A federal report that, in the words of its key finding, “sexual assault, sexual harassment, and stalking are problems in the U.S. Antarctic Program community” – and that efforts “dedicated to prevention [are] nearly absent” – drew attention around the world. But as a historian of Antarctic science, I did not find it surprising at all.
The report, released in August 2022 by the National Science Foundation, which runs the United States Antarctic Program, found that many scientists and workers believe human resources staff “are dismissing, minimizing, shaming, and blaming victims who report sexual harassment and sexual assault.” A report with similar findings about its national program was released by the Australian Antarctic Division in late September 2022.
The fields of Antarctic science and exploration have long excluded women from the region altogether and still have a strong culture focused on masculinity and chauvinism.
The first Antarctic expedition to include women was the Ronne Antarctic Research Expedition, in 1947-1948, a U.S.-based expedition with funding from the government and private sources, led by U.S. Navy Capt. Finn Ronne. His wife Edith “Jackie” Ronne accompanied her husband, as did Jennie Darlington, the wife of one of the pilots, Harry Darlington.
Their inclusion was groundbreaking. But their presence also was perceived by many in the polar community to contribute to tensions between the young and inexperienced men, “hardening into a mold of accusation, innuendo, and dissension. … Tension and turmoil were to take precedent over pioneering,” as one historian wrote.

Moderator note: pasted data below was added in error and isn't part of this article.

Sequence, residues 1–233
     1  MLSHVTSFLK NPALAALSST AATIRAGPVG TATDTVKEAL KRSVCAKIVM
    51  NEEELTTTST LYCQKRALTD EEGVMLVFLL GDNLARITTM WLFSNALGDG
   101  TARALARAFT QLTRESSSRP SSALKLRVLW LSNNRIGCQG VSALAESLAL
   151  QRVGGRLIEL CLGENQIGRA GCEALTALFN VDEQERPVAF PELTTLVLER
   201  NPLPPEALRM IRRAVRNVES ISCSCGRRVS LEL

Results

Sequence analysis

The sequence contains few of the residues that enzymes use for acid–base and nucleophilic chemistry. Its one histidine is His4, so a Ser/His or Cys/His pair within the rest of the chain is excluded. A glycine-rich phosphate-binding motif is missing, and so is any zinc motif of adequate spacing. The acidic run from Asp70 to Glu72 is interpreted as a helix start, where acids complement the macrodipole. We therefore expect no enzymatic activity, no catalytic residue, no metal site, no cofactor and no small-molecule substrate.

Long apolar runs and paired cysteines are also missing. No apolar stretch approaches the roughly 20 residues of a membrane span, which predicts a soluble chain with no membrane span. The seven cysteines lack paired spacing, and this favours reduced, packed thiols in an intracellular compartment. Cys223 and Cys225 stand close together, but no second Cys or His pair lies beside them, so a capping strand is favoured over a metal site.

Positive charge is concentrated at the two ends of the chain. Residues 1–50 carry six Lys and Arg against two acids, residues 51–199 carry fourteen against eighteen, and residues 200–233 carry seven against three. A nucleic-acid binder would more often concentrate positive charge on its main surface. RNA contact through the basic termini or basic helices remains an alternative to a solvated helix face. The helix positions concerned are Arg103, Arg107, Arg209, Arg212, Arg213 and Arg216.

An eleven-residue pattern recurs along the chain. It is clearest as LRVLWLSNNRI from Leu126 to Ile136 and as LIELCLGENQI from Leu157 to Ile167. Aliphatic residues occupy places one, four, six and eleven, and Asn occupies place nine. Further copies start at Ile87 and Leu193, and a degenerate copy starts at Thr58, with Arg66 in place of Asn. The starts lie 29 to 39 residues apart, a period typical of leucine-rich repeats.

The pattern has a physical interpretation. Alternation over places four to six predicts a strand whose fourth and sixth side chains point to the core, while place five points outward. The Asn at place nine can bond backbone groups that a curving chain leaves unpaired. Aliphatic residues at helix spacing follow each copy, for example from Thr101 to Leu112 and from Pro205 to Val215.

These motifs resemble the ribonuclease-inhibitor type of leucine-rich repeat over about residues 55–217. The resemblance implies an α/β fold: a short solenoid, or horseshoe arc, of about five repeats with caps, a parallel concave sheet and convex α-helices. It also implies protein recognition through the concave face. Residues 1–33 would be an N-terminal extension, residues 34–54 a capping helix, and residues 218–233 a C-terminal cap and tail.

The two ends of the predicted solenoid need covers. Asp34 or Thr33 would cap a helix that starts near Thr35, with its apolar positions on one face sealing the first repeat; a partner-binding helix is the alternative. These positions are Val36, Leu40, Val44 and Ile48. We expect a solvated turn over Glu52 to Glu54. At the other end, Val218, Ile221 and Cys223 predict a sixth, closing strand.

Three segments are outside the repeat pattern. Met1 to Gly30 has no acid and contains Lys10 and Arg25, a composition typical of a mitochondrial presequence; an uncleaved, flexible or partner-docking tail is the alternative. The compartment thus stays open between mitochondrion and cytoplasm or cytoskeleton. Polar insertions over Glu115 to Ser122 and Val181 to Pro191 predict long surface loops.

Jackie Ronne would return to Antarctica several times. But at that first expedition’s conclusion, Jennie Darlington asserted that “women do not belong in the Antarctic” because of the harsh conditions, which might cause a person to require assistance or even rescue. She wrote, “Men should not be put in the position of endangering his own safety for another, lesser physical human.”
Darlington also reflected on the emotional burden she undertook. Many men, including her husband, believed that “Antarctica symbolized a haven, a place of high ideals and that inner peace men find only in an all-male atmosphere in primitive surroundings.” She wrote, “My job was to be as inconspicuous within the group as possible. I felt that all feminine instincts should be sublimated. … I was determined not to act like a woman in a man’s world.”
She also commented on the psychological difficulty for both the women: “It was a tenuous balance, in which as women, we bore the major responsibility for the men’s conduct toward us. … Any drawing of attention to myself, any gesture or indication that I expected certain courtesies, any show of bossiness or pretense would have been resented.”
The global scientific effort called the International Geophysical Year in 1957-1958 changed the nature of Antarctic research from relatively small, short-term expeditions to the establishment of permanent bases on the continent. But as various countries shaped their respective Antarctic programs, many were adamant that women would not be included.
U.S. Navy Adm. George Dufek, the supervisor of U.S. programs in Antarctica, declared in 1957 that “women will not be allowed in the Antarctic until we can provide one woman for every man,” implying that there would be no need for women in Antarctica except as sexual partners for the men.